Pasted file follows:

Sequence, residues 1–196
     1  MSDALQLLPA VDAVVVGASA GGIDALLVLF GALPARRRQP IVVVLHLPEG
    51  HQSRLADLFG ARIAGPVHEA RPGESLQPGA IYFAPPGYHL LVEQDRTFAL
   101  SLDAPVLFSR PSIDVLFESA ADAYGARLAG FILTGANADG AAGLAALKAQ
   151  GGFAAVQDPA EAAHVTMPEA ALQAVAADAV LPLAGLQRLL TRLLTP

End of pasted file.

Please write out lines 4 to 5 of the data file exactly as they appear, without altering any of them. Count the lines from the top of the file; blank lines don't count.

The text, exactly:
   101  SLDAPVLFSR PSIDVLFESA ADAYGARLAG FILTGANADG AAGLAALKAQ
   151  GGFAAVQDPA EAAHVTMPEA ALQAVAADAV LPLAGLQRLL TRLLTP